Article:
Friday, May 11, 2007

"The Execution Channel"

This is certainly worth a review. Ken MacLeod has a new novel out, the first one of his I've read. Happily enough, The Execution Channel, defies genre: conspiracy thriller, political satire, science fiction, futuristic dystopia, spy novel, history rewritten and much else besides. What it isn't is an upbeat, whimsical, heart-warming, life-affirming flight of fancy that pokes fun at life's little foibles. That's sort of given away with the strapline embossed on the cover: "The War on Terror is Over... Terror Won".

That's roughly the size and shape of it: Terror, all day, every day, political turmoil, intelligence subventions, military repression. After 9/11, the tube bombings, and the flu pandemic, the planet isn't exactly in robust shape. Aside from the sky-high oil prices and the parlous state of the economy, there are the frequent, spectral intrusions of the Execution Channel, with its extraordinary international collation of daily state killings. What Brzezinski describes as the "global Balkans" extending from Suez to Xinjiang is aflame. American armies are marauding across the Middle East and south Asia, and the British mainland is an extended USAF base. China and Russia are furiously competing, and 'Old Europe' is moving in strange directions. James Travis has a daughter in a peace camp beside Leuchars military base and a son in the army. He is a spy, and he knows both of them are in deep shit when he hears of a mushroom cloud over the base. Meanwhile, Mark Dark, right-wing conspiracy blogger, tracks the facts and nothing but for most of his waking life. Intelligence agencies are sent into overdrive by the sudden wave of panic, and activists suddenly come under the surveillance and repression of the state. And that is when it all kicks off.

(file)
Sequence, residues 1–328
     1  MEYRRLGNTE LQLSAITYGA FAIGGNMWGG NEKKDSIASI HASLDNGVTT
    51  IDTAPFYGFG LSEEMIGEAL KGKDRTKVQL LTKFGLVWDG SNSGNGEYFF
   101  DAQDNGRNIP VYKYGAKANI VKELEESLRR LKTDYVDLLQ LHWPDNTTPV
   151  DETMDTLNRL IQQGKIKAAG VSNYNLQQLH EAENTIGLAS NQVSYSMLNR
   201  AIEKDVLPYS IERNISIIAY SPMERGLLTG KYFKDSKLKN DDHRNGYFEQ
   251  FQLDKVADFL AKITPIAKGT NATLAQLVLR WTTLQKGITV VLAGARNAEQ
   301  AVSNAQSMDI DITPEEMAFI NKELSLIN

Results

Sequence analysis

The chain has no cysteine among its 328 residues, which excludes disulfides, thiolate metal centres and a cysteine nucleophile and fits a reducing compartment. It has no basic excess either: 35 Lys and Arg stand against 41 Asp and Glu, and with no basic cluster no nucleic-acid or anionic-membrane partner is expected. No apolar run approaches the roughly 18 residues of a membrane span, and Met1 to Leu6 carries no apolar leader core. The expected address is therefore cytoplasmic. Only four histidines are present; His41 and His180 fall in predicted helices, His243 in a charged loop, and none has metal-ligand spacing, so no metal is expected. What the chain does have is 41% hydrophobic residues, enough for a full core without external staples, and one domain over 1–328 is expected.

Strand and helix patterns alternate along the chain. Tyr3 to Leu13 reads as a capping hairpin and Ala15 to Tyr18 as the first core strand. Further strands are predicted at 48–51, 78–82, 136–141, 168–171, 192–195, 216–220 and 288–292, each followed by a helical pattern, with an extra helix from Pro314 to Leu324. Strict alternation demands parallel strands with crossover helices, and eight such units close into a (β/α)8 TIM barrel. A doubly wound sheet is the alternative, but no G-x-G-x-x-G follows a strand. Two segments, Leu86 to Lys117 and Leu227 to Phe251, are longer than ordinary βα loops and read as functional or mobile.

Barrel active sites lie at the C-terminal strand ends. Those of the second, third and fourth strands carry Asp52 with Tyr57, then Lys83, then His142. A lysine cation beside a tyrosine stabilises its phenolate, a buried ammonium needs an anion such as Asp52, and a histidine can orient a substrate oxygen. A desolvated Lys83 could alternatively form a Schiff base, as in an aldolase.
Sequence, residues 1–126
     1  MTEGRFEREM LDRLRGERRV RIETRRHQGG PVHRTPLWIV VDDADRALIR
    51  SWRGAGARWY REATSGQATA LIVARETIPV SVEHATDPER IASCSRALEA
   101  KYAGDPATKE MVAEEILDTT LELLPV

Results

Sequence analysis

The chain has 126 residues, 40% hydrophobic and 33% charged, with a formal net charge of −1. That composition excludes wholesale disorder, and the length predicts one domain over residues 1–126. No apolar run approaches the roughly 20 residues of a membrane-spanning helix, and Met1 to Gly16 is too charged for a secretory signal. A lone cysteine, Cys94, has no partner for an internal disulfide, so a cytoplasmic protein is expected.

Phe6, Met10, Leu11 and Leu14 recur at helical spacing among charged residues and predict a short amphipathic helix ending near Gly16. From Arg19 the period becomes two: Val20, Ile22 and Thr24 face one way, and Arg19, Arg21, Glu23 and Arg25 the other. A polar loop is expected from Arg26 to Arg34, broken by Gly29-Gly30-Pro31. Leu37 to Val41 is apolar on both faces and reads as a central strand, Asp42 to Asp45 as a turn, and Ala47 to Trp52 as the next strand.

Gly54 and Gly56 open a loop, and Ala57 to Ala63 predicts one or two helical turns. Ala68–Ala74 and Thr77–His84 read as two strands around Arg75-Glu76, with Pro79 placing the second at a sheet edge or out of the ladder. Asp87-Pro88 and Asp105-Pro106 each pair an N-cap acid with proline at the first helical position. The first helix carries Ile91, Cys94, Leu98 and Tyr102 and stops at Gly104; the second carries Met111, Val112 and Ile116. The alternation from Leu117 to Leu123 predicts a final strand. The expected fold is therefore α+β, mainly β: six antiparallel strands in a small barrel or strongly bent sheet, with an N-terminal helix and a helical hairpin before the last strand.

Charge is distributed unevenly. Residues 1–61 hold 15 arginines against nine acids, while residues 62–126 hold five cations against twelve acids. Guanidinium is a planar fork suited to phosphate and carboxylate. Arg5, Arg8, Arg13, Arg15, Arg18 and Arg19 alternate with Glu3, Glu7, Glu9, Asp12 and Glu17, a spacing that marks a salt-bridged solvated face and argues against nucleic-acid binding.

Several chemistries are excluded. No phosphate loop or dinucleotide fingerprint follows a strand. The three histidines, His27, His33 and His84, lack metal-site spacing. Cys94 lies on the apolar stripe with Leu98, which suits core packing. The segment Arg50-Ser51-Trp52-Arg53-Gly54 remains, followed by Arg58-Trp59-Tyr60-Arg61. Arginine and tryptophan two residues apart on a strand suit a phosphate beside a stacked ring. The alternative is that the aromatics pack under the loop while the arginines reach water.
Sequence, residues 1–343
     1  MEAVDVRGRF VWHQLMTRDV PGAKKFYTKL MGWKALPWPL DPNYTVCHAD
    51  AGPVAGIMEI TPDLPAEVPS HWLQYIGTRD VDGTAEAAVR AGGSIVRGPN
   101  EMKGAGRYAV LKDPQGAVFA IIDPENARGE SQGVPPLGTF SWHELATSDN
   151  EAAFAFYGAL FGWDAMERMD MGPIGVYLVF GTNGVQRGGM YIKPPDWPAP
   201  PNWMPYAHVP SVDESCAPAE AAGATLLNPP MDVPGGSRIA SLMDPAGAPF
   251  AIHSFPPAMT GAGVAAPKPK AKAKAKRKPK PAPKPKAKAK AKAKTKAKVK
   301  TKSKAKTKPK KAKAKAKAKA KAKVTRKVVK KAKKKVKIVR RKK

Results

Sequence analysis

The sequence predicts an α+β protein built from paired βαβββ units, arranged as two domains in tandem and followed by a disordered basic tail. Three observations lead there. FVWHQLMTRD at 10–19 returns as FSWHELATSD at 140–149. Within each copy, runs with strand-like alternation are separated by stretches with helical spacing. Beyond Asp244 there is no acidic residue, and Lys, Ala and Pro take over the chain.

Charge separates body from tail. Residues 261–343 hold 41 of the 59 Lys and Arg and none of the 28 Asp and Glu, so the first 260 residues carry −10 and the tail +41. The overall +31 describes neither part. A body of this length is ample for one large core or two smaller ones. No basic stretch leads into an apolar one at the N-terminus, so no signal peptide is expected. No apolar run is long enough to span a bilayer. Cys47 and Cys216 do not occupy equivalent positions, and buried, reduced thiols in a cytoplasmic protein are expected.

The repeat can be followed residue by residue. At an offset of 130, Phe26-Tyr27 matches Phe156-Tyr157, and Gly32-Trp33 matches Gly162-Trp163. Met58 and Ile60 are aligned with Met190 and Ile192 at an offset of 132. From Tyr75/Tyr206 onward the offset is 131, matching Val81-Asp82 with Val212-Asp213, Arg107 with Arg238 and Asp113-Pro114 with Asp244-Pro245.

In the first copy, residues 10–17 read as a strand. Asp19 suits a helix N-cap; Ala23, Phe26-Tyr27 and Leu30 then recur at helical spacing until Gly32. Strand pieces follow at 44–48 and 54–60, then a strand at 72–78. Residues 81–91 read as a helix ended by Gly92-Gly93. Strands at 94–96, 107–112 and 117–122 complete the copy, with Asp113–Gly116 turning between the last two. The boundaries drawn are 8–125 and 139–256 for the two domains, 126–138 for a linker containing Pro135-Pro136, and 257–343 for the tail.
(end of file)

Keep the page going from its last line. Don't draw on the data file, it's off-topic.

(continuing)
It's an ingenious fabulation, witty and sombre, and fucking terrifying. And aside from the sophisticated intrigue, which is more redolent of Le Carre than Tom Clancy, the dialogue is brilliantly observed, especially the apodictic, callous tone of a certain kind of blogger, and the sly machinations of activists meetings (which must have come from considerable experience). The whole thing is brilliantly paced, and even has a convincing bit of dirt in it, and I'm only slightly embarrassed to say I don't have a criticism of it worth mentioning. I remember a meeting at Marxism a few years back with Ken, Adam Roberts & China Mieville, about Imagined Futures. China took the other two by surprise, somewhat, by utterly (persuasively) trashing the whole notion of SF/fantasy as imagined future. So now, like Johnson kicking the rock, Ken MacLeod has responded by writing an utterly persuasive imagined future. Just don't buy it at the airport.